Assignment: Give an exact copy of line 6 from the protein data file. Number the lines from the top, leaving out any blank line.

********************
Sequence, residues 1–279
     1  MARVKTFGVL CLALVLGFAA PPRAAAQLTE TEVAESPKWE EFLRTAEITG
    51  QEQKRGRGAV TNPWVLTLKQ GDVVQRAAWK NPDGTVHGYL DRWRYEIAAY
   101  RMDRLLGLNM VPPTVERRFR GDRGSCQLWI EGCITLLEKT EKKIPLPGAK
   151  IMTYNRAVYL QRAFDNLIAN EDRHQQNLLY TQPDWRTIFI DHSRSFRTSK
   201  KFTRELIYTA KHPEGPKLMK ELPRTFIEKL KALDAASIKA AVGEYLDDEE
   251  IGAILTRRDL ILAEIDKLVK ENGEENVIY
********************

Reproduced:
   201  KFTRELIYTA KHPEGPKLMK ELPRTFIEKL KALDAASIKA AVGEYLDDEE